It’s a fact that job interviews are stressful. No one denies this. Some of us can prepare all we want but when the time comes, we still get nervous about selling ourselves, big upping our achievements, and trying to come up with our “worst quality.” (Hint: Don’t say perfectionism.) I have found that the only way to overcome this nervousness, even slightly, is to walk into the situation feeling in control. This takes practice (role-playing, talking to yourself in the mirror) and ultimately boils down to feeling confident in your ability to do the job.
For some us, what’s important—mentally—in preparing for a job interview is figuring out what to wear. My partner, who is much more attuned to the guiding principles of fashion than I am—your socks must match the color of your shoes, and go easy on the patent leather—is constantly telling me that I should be wearing a skirt or pantsuit to interviews. We normally negotiate down to a collared shirt, which I eventually dismiss for my original outfit of choice: back slacks, a nice printed blouse, and a cardigan. Why? Because that is the version of myself that I am most comfortable presenting to a future employer. I am not a pantsuit-wearing, stiletto-balancing woman, and I do not want to set the expectation that I will be wearing that to work every day, nor do I want to come off as awkward and insecure in my appearance. The analogy that I use is: Dressing as someone else for the interview is the same as “enhancing” your résumé with imaginary career achievements.
Now, it’s not like I wear yoga pants to interviews. I am 29 years old and have held professional positions for which I secured sponsorship from corporate partners, met with MPs (the British/Australian equivalent of congressman), managed staff, given speeches, and mentored youth. That said, I have never owned or used an iron and do not remember the last time I wore a collared shirt. I have broad shoulders and a large bust—business shirts feel like corsets to me. I own one pair of black stilettos, which I wore exactly once to opening night at the theater. I own two suit jackets that have maybe left my closet three times each over the past four or five years. These items feel like dress-up clothes to me. They do not showcase my personality or style.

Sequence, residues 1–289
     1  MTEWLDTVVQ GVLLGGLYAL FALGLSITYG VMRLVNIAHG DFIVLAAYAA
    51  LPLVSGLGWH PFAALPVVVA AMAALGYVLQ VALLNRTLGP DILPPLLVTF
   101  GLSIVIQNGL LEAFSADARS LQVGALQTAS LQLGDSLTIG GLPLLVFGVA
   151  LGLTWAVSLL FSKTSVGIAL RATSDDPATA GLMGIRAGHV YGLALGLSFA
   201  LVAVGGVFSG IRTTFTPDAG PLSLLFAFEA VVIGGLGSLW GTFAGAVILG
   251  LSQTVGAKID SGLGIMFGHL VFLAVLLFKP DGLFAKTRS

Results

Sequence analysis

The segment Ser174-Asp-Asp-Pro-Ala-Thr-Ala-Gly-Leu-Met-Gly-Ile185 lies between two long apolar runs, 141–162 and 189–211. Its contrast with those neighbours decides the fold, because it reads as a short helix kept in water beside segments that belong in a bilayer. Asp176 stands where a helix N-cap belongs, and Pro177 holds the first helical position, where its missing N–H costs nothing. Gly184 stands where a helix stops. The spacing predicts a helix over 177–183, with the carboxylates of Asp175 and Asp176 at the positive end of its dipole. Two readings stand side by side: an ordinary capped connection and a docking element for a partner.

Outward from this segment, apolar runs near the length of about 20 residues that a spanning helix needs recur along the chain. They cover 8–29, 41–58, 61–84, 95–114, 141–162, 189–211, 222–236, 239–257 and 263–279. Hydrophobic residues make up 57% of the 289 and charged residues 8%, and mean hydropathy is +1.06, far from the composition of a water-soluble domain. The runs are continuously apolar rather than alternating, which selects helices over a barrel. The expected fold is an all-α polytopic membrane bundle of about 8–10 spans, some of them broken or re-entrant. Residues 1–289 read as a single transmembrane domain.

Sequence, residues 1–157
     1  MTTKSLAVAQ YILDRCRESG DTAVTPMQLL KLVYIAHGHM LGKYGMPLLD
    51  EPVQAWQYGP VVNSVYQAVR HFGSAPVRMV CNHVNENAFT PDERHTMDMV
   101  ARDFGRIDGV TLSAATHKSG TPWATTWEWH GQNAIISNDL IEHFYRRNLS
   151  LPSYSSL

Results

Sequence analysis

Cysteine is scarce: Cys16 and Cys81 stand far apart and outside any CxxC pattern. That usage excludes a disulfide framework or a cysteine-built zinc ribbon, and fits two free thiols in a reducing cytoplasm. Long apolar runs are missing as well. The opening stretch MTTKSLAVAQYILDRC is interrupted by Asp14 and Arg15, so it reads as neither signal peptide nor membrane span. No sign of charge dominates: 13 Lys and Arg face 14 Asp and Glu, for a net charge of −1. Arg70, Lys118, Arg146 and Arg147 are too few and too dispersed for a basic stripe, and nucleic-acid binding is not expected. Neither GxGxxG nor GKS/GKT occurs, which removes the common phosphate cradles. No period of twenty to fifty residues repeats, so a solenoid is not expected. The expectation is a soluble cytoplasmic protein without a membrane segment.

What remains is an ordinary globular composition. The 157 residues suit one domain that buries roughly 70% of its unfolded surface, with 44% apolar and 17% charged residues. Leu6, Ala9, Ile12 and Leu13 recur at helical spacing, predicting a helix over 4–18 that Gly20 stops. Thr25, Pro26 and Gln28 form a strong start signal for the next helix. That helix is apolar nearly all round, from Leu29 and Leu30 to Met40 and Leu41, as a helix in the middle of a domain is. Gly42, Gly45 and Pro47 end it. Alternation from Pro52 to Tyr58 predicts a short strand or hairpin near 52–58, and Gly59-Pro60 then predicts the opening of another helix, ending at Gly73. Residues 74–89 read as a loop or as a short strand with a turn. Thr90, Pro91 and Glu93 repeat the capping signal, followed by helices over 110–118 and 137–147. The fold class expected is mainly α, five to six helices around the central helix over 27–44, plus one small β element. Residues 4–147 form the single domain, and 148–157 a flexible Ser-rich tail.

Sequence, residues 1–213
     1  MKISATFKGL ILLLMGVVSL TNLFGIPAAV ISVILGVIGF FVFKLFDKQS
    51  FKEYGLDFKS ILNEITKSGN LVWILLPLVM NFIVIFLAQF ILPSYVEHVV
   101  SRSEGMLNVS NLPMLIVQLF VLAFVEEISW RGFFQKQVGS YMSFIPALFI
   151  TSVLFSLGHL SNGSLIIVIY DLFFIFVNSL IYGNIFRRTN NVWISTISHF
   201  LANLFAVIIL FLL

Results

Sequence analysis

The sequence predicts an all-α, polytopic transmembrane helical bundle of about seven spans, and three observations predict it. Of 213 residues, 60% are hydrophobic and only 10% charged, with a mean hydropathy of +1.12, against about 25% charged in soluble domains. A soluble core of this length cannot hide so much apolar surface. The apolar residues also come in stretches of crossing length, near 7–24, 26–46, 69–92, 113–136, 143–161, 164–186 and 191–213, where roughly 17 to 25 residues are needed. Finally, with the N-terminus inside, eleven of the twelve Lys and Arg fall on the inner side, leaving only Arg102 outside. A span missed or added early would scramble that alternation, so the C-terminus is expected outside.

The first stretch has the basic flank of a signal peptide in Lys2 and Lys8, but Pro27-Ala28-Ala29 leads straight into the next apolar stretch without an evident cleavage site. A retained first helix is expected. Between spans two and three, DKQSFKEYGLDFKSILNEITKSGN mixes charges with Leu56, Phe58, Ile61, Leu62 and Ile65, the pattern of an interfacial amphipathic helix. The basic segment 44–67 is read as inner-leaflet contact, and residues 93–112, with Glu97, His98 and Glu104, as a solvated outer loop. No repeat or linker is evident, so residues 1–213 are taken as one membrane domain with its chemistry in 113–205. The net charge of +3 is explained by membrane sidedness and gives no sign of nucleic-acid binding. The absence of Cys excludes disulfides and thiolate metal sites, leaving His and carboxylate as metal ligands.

Chances are you have a favorite classy-lady outfit. It’s the one you reach for when you have an important meeting or you’re dining with a friend’s parents or you’re going to be in an official photo. For me, that was a colored, loose-fitting singlet with a black cardigan and slim black slacks (in winter) or a vintage, bright-yellow skirt with a simple black solid and mesh top similar to this (in summer). I feel completely comfortable in both, and more important, I know I can move without fear of any buttons popping open or my skirt riding up.
The best advice I can give is to walk one city block dressed in your proposed interview clothing. If, afterwards, your feet are sore or you’re sweating through your blouse or you’ve had to readjust your skirt a few times, it’s best to go back to your closet. Wear something that makes you feel proud of yourself and most importantly comfortable in your own skin. If you feel good, you exude confidence and you’ll be able to focus on the real challenges of the interview. In the end, it shouldn’t be about how you look but how you think. And if your mind is focused on the task at hand, rather than your itchy blouse, you’ll be ready for any tough questions that come your way.
[Image via here]